Addressing thousands of Zanu-PF supporters soon after landing at Harare International Airport, Mugabe said he "will deal with the issues in just two days".
"How can we have shortages of cooking oil and massive price hikes, all this happening while I was away?
"These are saboteurs, who want to cause panic against the government, so that people can riot against us, but our people are clever. They will not be swayed in that way.
"This is not an issue you should worry yourselves over. We will deal with it in just two days," he said.
In a thinly-veiled attack against his own party and government officials, Mugabe told the party supporters that his lieutenants could also be behind the price spikes, which caused panic buying over the weekend.
"Be wary of these people, who do things to undermine our unity, especially ahead of the 2018 elections. Some of them are people we play with every day, people we drink beer with, who are supporting the enemy," he said.
Zanu-PF Mashonaland Central provincial chairman, Dickson Mafios set the agenda before Mugabe's speech, when he declared war against alleged saboteurs, whom, he said, always foment chaos in the Zanu-PF leader's absence.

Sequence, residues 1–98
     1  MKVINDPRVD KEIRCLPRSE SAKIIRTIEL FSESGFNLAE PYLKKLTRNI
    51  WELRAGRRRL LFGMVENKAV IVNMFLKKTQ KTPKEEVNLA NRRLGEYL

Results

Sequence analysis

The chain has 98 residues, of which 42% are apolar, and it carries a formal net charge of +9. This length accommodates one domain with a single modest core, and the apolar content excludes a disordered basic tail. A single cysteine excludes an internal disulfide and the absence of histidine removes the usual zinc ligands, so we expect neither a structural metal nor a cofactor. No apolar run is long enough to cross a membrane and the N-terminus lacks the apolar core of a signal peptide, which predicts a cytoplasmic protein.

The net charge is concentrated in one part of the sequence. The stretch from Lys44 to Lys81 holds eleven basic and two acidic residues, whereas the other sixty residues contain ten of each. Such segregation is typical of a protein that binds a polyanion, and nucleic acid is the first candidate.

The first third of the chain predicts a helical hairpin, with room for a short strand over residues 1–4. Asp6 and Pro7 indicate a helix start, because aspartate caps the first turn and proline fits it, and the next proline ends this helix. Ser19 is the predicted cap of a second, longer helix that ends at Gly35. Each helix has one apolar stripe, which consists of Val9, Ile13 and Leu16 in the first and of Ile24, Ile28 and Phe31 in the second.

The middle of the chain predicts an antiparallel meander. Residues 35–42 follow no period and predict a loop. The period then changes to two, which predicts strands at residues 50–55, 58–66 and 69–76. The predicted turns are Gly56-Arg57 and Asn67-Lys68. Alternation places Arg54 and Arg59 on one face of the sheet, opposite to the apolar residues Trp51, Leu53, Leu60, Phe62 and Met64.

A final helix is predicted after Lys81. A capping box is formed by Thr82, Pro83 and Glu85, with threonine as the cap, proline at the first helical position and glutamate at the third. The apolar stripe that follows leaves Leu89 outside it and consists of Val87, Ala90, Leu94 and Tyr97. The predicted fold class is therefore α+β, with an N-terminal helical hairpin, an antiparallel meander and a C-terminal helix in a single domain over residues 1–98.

"Down with those who cause chaos in the absence of President Mugabe. Down with those who hike prices in the absence of President Mugabe," he thundered, as he welcomed Mugabe.
He took most of the time massaging his own ego, telling supporters how he had faced up against the American President, whom he accused of being hellbent on causing war and bullying other nations because of the huge size of the US army.
"We are all equal regardless of size. No nation is superior than the other and that is what I have said no to and I made sure to censure Trump on his bullying tactics. We don't want a Goliath," Mugabe said.
The Zanu-PF supporters, who had been bussed to the airport from as early as 10am, had to endure four hours under the scorching sun, while sitting on the burning tarmac, with Mugabe only arriving after lunch with his entourage.
The supporters appeared lost as Mugabe, in his speech against Trump, at times confused North Korea with Vietnam, while scarcely mentioning the crisis at home.
As a result, dozens of supporters started walking out before the party's Harare political commissar, Shadreck Mashayamombe, ordered the police to block them.
Vice-President Emmerson Mnangagwa, who was acting in Mugabe's absence, also added his voice, saying the return of his boss would bring sanity to the economy, which appears to be on the tipping edge.
"Your Excellency, while you were away, prices went up and there were shortages, but now that you are back, I am sure all the problems will be solved," he said.
Mnangagwa also went into overdrive waxing lyrical about Mugabe, describing him as the Biblical David, who stood up against Trump, the modern-day Goliath, in his own country.
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